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We have a production environment with seperate PCs controlling printers, labelers, scanning stations and envelope inserters. Any PC may be used by any one of up to a dozen operators.

We operate under a Windows 2008 R2 domain.

Each operator gets email / wordprocessing etc via terminal services (rdp client).

I'm thinking a common login account for each machine type.

I've seen many comments against shared accounts, but has anyone any better solution to the above scenario? Seperate accounts are problematic since the controller software in some cases only installs for the 'current user'.

Anyone got ideas?

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You could always setup the software then copy the user profile you used to set it up with over the Default User profile. That would probably get your software to work with any user that signs in.

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If the software is available as an MSI then you can deploy it to the specific machines via a GPO.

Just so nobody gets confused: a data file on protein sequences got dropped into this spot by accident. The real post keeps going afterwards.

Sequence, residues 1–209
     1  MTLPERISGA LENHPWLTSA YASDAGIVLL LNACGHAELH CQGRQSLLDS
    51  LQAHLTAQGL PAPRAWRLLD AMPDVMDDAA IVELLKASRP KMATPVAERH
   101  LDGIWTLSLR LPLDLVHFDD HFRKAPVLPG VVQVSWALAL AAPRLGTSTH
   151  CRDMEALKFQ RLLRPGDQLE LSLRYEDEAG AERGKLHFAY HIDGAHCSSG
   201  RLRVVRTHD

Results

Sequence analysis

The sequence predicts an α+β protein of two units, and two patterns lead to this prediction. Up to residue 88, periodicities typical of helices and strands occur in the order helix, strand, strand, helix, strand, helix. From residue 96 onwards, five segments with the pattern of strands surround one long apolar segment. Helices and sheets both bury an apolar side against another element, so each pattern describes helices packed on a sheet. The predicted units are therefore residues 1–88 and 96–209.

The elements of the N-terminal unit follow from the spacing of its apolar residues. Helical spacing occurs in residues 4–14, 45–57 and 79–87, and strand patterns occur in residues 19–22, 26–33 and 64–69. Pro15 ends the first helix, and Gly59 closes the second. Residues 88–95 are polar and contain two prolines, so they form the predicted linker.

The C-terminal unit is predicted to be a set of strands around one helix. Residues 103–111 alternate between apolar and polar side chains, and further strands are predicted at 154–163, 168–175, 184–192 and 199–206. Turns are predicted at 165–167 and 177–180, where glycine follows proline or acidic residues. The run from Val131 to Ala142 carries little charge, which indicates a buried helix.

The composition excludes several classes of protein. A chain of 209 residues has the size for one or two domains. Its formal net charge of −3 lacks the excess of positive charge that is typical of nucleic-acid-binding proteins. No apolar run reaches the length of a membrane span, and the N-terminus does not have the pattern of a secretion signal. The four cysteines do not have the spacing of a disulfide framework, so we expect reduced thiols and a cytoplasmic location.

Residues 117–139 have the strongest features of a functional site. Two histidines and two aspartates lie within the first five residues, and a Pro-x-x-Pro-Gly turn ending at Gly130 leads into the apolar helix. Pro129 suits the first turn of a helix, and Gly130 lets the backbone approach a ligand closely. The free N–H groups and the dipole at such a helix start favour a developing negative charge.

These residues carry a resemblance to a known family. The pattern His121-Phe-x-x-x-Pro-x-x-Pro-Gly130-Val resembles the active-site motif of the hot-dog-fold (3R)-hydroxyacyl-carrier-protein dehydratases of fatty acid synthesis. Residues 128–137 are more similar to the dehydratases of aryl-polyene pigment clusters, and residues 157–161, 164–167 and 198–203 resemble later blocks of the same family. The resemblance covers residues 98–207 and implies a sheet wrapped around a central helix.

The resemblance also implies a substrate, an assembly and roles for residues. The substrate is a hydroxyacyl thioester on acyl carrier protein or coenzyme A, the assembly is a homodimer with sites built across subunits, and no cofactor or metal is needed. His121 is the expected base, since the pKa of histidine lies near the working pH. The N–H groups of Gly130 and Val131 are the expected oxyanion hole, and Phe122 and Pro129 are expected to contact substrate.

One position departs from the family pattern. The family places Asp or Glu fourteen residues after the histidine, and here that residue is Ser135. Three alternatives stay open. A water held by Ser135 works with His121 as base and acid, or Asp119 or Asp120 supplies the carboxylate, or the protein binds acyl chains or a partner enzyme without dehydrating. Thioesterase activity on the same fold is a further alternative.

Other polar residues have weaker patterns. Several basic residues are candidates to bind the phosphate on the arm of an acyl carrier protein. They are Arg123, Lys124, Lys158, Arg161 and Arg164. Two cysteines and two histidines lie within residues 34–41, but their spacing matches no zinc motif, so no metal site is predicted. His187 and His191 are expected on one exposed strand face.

There are tools that will bundle up EXE installers into an MSI, but I have found them to be hit and miss.

The only other (but slightly hacky) way to do it would be to record all of the files, and registry keys the installer creates (with procmon) and then bundle all those changes into an MSI.

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As a rule... common usernames/passwords is ALWAYS a bad idea. It will quickly turn into the blame game as to who did what & such. That aside... You really should look at making full use of the Remote Desktop features including RDP-Web & remote-app available in windows 2008r2.

Depending on the workstation, you can also setup fast-user switching if users complain about having to close everything & re-opening everything... that way they simply need to log in once & have their windows where they want them... then can lock their session (manually or on a timer) and another user can log in & do what they need.

With the RDP-Web stuff all a user needs to do is go to the "company page" ... and login. All running programs carry over... and all the settings stay the same.

If you're stuck in a situation where you MUST-HAVE a shared workstation... I would cripple it almost to the state of being a thin-client to prevent users from going to myspace/wherever & downloading whatever virii or other improper applications that are out there.

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